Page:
I have now attended close to a dozen different shows at Opera San Jose, and I can honestly say that Strauss’s Die Fledermaus was like no other I have ever seen. If you are looking to attend your first opera, or even if you would like to introduce opera to your teenager (that’s right!) then this is the opera for you… and yet it is still perfect and worthy for the seasoned attendee.
Die Fledermaus is about one man seeking hilarious revenge for an embarrassing practical joke from the past, and in the process there are endless mistaken identities which will leave you in sidesplitting stitches. There is no love story in this opera, requited or otherwise; nothing particularly deep in the plot; neither is there a tragic death or a particularly happy ending. More than half the songs are about drinking, and the second act revolves around a party of debauchery which may (or may not) include beautiful dancers skinny-dipping in a pool.
The songs are in German, and as usual are translated on a screen over the stage. But there was something quite surprising in this show that I had never seen before: a good deal of the story was spoken in English! This was less like an opera and more like musical theater – and it was lovely.
I had been disappointed that I could not make it to opening night, however last night was an unexpected treat as I got to see Cast 1 who were absolutely delightful and just as talented as any Cast A I’ve seen. It was refreshing to see some new faces and there were no disappointments. Soprano Elizabeth Russ was delicious as the petulant chambermaid Adele; soprano Cecilia Violetta Lopez was virtually unrecognizable to me from her role as Leila in The Pearl Fishers, and I still adored her immensely. The familiar faces of tenor Alexander Boyer (Eisenstein) and tenor Michael Dailey (Alfred) were welcome and played their comedic roles beautifully. Special mention goes to bass-baritone Isaiah Musik-Ayala as Frank the prison warden – who I just LOVED, and also Kelly Houston who plays a hilarious Frosch. Some of these performers were newer to me than others, ALL of them I hope to see more often.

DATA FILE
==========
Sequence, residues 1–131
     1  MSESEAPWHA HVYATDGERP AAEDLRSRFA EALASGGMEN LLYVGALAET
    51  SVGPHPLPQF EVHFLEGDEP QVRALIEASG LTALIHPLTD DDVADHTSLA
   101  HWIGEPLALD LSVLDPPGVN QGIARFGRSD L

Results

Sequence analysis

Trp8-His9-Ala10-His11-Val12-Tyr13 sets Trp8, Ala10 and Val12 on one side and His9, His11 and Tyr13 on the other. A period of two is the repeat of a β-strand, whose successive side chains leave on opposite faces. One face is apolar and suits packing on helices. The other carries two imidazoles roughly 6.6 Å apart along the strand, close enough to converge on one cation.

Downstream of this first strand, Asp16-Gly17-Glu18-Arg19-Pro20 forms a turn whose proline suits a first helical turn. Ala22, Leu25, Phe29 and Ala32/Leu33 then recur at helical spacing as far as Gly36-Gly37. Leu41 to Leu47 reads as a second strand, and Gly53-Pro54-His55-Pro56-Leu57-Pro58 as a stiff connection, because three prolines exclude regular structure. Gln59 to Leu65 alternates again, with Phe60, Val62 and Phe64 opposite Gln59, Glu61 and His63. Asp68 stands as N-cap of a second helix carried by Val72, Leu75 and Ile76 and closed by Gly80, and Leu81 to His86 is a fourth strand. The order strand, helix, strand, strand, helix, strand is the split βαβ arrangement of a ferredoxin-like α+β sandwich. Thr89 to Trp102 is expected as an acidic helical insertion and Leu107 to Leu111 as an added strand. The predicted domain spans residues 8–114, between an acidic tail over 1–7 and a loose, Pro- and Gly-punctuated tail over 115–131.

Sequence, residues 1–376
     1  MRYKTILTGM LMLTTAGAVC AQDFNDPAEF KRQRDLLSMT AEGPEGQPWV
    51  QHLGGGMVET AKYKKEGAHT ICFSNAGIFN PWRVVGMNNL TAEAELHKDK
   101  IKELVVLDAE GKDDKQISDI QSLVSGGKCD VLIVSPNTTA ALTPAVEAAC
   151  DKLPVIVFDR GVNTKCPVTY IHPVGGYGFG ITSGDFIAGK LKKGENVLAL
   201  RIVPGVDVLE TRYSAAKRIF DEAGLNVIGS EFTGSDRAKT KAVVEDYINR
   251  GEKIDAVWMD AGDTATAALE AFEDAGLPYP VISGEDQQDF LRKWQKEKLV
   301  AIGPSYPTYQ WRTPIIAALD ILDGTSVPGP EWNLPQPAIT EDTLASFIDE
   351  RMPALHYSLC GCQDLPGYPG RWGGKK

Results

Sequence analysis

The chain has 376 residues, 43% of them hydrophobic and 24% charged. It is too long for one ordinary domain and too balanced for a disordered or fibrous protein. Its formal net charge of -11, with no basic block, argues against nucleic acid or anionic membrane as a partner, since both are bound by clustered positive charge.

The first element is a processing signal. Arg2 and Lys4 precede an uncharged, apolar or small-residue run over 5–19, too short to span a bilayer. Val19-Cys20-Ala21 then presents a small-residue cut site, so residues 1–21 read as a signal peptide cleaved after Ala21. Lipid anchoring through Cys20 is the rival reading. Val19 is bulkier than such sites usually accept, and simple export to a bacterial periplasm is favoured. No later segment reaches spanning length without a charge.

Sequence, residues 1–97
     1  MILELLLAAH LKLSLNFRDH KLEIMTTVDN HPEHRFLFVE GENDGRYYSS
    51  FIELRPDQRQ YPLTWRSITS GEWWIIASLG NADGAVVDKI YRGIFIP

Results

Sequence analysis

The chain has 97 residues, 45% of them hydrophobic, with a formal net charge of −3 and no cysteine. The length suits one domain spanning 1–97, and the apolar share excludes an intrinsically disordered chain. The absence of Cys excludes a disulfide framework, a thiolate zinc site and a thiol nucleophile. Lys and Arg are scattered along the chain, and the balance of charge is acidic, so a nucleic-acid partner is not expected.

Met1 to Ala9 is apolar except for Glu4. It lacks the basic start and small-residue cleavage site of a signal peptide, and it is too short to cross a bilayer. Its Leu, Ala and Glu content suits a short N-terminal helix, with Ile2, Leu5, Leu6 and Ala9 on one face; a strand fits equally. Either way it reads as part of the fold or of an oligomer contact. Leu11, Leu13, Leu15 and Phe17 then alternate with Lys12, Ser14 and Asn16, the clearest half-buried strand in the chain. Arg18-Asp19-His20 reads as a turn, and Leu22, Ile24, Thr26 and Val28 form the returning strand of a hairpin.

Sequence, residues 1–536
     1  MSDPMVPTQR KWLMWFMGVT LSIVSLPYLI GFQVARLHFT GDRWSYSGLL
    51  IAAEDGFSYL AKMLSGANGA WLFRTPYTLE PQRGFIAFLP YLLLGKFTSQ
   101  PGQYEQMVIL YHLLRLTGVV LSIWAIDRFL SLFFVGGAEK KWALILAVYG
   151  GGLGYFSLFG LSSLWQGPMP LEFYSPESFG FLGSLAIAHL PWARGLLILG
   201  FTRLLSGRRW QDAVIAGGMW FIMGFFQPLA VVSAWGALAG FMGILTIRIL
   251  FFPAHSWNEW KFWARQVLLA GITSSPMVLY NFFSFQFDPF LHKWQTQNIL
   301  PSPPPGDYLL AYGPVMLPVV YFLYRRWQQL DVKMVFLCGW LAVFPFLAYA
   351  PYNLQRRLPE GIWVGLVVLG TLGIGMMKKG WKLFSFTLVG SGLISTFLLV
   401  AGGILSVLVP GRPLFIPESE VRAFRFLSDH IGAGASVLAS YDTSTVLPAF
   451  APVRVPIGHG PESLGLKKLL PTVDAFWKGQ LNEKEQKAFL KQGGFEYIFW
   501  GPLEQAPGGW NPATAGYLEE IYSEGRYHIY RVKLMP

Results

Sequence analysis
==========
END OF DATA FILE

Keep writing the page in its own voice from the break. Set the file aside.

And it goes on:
Wait, did I forget to mention baritone Jo Vincent Parks, as Dr. Falk (Die Fledermaus!)? He has a small part for the title character, however he too was perfect.
Marc Jacobs makes his Opera San Jose debut as stage director, and this is a perfect show for his background in musical theater. I hope we see more from him at OSJ.
And as often happens at Opera San Jose, there was another star, and that was the set design. It does not surprise me to find out that Charlie Smith also designed the Pearl Fisher’s sets, and I’m excited to see what he does for the upcoming double-bill of Suor Angelica and Gianni Schicchi. It is too bad there are no available photos to show you the complete beauty of the designs. Acts one and two were set in a sweeping, gorgeous, art deco residence with subtle hints of the jail term awaiting Eisenstin… indeed, it transformed seamlessly into the jail itself in Act three. As well there was an amazing newspaper print curtain with “articles” pertaining to the characters in the story.
This was not the usual opera I attend at Opera San Jose. There were not so many ball gowns and sparkling jewelry in the audience that I usually see, perhaps because it was not opening night, perhaps because this show is just not as “stuffy” as some others (which I recommend no matter the stuffiness!!). There was raucous laughter heard throughout the show, as if we were all drunk with the comedy we were watching. “That was the most fun I’ve had at the opera ever!” stated my guest, Danielle Roberts. And indeed, she is quite right. This opera plays through November 25, and I can recommend without any reservation whatsoever that you should see it – and take your teenagers too.